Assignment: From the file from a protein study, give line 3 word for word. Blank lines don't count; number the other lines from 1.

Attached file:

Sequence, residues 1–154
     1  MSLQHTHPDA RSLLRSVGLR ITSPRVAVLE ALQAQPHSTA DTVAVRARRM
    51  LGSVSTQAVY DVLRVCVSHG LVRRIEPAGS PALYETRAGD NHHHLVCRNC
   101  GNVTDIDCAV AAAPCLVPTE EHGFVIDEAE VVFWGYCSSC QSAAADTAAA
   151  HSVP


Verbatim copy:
    51  LGSVSTQAVY DVLRVCVSHG LVRRIEPAGS PALYETRAGD NHHHLVCRNC